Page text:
Feminists will retort that while that may be true, we must still push the envelope as far as far as Halacha will allow. Inserting women wherever possible into the sanctuary. But at what price? Are we going to see female rabbis preaching from behind the Mechitza in service to that ideal? Is it appropriate for the spiritual leader of a Shul to not be visible during services? …sitting behind the Mechitza? Even as men far less educated than them religiously lead the services and fully participate in them?  This is not a normal situation and it is certainly not equality of the sexes. The Conservative movement knows that. That’s why they have fully embraced female rabbis – having long ago completely abandoned the Mechitza and the Halachic requirement that only men can be counted in a Minyan.

This is not to say that women have no role in studying Torah and using their knowledge of it. I am a big supporter of women studying Torah if they chose to do so. And there are plenty of roles these Jewishly educated women can fulfill with the knowledge they obtained. Like pastoral counseling, or becoming educators.  I see nothing wrong with that. But one does not need the title rabbi (or Maharat) in order to do that.

Using a sledgehammer called feminism to insert whatever feminist changes they can into a normal Shul environment will not change the fact that-  bottom line – it falls short of a truly feminist goal as it is understood  today at. It is abnormal. It causes divisiveness. And we may end up with yet another non Orthodox denomination that claims to be Halachic but attentive to the spirit of the times. Just as the Conservative Judaism originally claimed. That is the direction this is all going.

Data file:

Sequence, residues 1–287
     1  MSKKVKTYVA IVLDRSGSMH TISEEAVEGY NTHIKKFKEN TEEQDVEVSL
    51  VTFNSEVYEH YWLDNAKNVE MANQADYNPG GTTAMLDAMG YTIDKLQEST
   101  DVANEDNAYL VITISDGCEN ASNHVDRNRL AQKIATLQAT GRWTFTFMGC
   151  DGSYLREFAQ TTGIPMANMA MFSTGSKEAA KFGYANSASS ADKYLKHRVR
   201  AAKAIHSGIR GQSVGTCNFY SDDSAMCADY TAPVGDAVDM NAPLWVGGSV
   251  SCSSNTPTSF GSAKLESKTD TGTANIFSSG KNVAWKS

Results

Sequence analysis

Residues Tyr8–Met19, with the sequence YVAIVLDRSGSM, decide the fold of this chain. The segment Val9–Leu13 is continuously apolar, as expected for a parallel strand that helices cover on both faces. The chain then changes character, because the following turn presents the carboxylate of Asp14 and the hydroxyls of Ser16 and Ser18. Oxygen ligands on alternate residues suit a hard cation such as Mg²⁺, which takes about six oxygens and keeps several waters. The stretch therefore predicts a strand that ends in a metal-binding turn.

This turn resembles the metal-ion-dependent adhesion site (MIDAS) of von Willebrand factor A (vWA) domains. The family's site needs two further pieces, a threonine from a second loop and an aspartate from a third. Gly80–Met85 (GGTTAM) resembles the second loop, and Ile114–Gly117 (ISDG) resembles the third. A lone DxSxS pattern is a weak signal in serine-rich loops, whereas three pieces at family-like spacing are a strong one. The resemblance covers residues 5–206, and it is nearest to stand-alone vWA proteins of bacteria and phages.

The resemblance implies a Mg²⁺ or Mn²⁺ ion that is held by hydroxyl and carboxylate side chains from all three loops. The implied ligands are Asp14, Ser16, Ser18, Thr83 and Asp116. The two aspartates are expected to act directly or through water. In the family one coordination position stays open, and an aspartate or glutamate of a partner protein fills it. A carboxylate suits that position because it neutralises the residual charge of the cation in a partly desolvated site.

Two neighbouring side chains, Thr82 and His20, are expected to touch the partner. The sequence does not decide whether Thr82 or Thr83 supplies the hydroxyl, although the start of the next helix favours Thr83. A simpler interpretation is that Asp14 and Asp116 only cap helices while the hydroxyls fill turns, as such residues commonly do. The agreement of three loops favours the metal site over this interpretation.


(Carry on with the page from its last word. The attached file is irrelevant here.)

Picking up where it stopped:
In the meantime some of the more left wing modern Orthodox Shuls are hiring these ordainees:

Of the five women who have been ordained by the yeshiva – three in 2013 and two last year – four are working in synagogues, serving essentially as assistant rabbis. (The fifth is a Jewish educator in Montreal.)


“The rabbi and I have a great relationship; we share a lot of the responsibilities,” said Rori Picker Neiss, a maharat who works at Bais Abraham, a modern Orthodox congregation in St. Louis. “We switch off who gives the drasha [sermon] every week, I teach classes, I’m available for counseling, I coordinate some of the programs. I have not yet done funerals or weddings, but I can. My job description would parallel an assistant rabbi’s position.”

My guess is that these Shuls will be boycotted by the Orthodox mainstream.  Which means that as new graduates increasingly take new positions in the more left wing Shuls, a new denomination is inevitable. Which is sad. My guess, though, is that this new denomination will eventually suffer the same fate the older ones are.

About the Author
My worldview is based on the philosophy of my teacher, Rabbi Aaron Soloveichik , and the writings of Rabbis Joseph B. Soloveitcihk , Norman Lamm, and Dr. Eliezer Berkovits from whom I developed an appreciation for philosophy. I attended Telshe Yeshiva and the Hebrew Theological College where I was ordained. I also attended Roosevelt University where I received my degree in Psychology.